Tap House given nod, Gastopub tabled again

A PLACE TO SOCIALIZE — This rendering by Erica Lowell Chute shows the building owned by Chuck Renneker at 18 Depot Street, Bridgton, transformed as the Depot Street Tap House, an “intimate, elegant” bar, said Carrye Castleman-Ross, whose plans were given tentative approval by the Bridgton Planning Board on Tuesday.

A PLACE TO SOCIALIZE — This rendering by Erica Lowell Chute shows the building owned by Chuck Renneker at 18 Depot Street, Bridgton, transformed as the Depot Street Tap House, an “intimate, elegant” bar, said Carrye Castleman-Ross, whose plans were given tentative approval by the Bridgton Planning Board on Tuesday.

By Gail Geraghty

Staff Writer

Longtime Black Horse Tavern bartender Carrye Castleman-Ross won preliminary approval from the Bridgton Planning Board Tuesday to open a small upscale bar at 18 Depot Street, in a building owned by Chuck Renneker, across the street from the Bridgton Community Center.

All that remains for work to begin on The Depot Street Tap House is for Castleman-Ross to provide proof of financial capacity, and for selectmen to approve an 84-gallon-a-day sewer allocation increase over the 180 gallons a day currently allocated for the building.

The Wastewater Committee earlier recommended approving the request, but selectmen tabled approval at their last meeting, still unsure of whether any new sewer allocation increases should be granted prior to completion of an inflow and infiltration study. The board will take up the request at their next meeting on Tuesday, April 9.

Under the plans for the Tap House, Renneker will renovate the 864-square-foot first floor of the former storage barn to match Castleman-Ross’s vision of an “intimate, elegant” bar with seating for up to 10 patrons at three tables. Under requirements for her Class A Lounge license, a light menu of healthy Mexican food would be offered, along with Maine beer and fine wine and spirits. There would not be any live music or entertainment.

“The Tap House will be an asset to downtown Bridgton, providing an upscale but inviting place for locals and visitors to meet and socialize,” Castleman-Ross said in her proposal to the board. She said her business would increase foot traffic on Depot Street and contribute to the revitalization of that part of downtown. Customers would use the town parking lot across the street, which is shared by the Community Center, the Magic Lantern, Renys and other Depot Street businesses.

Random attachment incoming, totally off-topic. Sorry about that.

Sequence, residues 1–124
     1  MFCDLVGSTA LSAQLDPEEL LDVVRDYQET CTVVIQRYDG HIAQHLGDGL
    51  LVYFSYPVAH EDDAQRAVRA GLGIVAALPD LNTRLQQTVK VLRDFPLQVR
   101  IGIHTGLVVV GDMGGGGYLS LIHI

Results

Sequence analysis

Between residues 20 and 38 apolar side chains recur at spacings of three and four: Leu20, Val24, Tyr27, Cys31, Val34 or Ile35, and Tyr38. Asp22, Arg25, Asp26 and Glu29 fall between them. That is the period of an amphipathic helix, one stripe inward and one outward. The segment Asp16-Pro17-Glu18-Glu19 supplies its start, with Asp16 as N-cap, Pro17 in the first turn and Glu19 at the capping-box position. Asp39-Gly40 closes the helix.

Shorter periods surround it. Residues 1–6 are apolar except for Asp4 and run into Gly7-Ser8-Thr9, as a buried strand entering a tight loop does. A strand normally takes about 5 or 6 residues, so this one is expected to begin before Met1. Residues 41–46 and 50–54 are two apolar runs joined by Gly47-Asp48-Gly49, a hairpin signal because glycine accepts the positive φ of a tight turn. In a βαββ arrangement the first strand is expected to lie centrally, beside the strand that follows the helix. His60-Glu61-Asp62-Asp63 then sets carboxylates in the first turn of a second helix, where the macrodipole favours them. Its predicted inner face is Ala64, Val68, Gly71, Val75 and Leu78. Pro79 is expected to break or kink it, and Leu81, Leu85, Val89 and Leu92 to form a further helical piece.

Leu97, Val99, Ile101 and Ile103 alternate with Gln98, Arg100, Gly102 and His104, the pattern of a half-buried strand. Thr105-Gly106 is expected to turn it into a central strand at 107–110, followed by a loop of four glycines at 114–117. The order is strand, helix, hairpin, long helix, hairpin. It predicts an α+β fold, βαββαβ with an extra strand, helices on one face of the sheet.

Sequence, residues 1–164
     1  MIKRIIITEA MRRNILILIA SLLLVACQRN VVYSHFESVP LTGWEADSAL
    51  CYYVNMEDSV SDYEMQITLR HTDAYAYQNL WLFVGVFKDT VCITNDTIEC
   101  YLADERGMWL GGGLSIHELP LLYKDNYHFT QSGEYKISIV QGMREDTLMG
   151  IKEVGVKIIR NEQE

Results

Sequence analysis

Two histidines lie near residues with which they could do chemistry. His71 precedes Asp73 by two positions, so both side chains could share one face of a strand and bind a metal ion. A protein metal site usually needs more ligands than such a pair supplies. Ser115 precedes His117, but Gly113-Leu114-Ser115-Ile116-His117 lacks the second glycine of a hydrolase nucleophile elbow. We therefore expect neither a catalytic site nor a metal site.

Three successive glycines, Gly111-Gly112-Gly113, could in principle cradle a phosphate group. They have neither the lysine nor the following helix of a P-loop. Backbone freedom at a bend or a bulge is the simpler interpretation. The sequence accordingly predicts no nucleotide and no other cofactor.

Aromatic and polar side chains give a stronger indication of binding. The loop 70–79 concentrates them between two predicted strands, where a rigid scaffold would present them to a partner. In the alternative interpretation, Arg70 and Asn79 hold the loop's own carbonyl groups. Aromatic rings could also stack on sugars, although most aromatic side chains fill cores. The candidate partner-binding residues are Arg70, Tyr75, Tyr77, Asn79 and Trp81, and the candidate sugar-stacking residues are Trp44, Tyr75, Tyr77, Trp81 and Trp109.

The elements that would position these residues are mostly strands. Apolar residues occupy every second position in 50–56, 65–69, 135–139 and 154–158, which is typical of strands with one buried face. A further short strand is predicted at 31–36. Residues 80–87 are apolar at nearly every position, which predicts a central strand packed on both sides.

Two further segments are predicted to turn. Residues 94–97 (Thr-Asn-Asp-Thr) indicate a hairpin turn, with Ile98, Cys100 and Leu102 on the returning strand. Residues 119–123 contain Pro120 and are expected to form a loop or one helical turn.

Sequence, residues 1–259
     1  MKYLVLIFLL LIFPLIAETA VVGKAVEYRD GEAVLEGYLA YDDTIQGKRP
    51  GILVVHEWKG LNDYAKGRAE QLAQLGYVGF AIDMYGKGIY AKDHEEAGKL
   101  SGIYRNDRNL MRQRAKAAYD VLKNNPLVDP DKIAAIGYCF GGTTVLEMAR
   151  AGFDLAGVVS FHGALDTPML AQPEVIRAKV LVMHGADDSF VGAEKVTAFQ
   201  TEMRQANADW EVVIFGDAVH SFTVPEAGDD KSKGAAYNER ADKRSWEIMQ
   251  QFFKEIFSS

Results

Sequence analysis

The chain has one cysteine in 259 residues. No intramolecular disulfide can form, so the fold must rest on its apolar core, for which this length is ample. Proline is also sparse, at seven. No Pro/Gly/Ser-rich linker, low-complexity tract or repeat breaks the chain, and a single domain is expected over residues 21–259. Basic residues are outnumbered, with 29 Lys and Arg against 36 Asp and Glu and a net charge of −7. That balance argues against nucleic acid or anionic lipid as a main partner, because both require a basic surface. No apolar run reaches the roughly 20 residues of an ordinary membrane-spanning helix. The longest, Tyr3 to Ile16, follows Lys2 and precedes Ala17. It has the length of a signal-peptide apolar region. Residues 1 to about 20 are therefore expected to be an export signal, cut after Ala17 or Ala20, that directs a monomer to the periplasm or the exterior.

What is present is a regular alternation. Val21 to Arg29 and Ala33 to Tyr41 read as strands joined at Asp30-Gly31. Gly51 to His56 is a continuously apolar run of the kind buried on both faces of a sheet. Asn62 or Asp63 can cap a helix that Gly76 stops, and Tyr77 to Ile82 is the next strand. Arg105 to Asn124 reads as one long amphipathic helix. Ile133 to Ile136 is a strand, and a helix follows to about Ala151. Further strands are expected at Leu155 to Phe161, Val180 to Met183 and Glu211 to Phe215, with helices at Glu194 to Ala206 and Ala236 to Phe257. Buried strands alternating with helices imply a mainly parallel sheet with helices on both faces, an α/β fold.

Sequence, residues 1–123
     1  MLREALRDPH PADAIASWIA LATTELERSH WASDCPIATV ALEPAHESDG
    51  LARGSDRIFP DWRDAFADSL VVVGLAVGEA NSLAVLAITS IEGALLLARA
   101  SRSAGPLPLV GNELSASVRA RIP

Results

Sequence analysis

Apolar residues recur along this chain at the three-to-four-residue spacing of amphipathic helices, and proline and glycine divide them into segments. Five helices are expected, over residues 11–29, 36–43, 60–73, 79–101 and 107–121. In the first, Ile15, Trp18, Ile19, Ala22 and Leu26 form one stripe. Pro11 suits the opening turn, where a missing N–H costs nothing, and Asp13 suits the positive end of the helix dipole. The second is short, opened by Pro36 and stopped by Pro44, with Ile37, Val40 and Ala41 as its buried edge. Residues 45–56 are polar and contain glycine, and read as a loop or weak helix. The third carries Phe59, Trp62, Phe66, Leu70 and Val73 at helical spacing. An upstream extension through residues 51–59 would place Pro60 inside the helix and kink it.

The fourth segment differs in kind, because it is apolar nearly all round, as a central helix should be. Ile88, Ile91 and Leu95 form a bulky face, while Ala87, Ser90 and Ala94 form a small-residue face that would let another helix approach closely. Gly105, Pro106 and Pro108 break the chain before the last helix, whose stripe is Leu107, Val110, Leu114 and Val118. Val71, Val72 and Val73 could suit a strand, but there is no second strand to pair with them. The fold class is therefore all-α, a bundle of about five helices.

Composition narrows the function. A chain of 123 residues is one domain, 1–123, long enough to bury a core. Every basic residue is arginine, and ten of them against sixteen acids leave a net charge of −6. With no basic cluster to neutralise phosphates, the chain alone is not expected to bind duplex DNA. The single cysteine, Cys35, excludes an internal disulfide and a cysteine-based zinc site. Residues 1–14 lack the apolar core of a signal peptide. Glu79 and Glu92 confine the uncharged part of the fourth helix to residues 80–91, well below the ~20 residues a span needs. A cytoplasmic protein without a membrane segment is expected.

Castleman-Ross has worked at the Black Horse Tavern for 14 years, and has written a column about Bridgton for the Lakes Region Weekly for seven years.

Board members wondered if any future use were planned for the second floor, and Castleman-Ross replied that she’d like to someday use that space to open a micro-brewery with small batch brews.

“Right now it’s really a shell,” said Castleman-Ross. “But it’s a great building, and has tons of potential.”

Chairman Steve Collins said she’d need to return to the board for a separate approval if and when that happens.

In answer to a question by member Brian Thomas on any parking restrictions regarding the town-owned lot, Renneker said the only restriction is that there is no overnight parking.

Standard Gastropub

Meanwhile, plans for another bar in downtown Bridgton, the Standard Gastropub at 233 Main Street, continue to await final approval while its developers, William Henry Holmes and Alvah Frankin Johnson, work to obtain proof of financial capacity. The board granted preliminary approval for the project on Feb. 5, and had scheduled final approval for Tuesday, but the developers asked for the second time for the matter to be tabled, saying, “We have not yet resolved the matters required for review,” which also involved parking issues.

The business, to be located at the former Bridgton Gas & Convenience store, will offer a combination of fast-food service, with gas at the pumps and takeout food and craft beers. “We have received an incredible amount of interest and support from everyone in Bridgton and the surrounding area, and hope that everyone will bear with us as we continue to work hard to bring this new and exciting business to life,” Holmes and Johnson said in a March 25 letter to the board.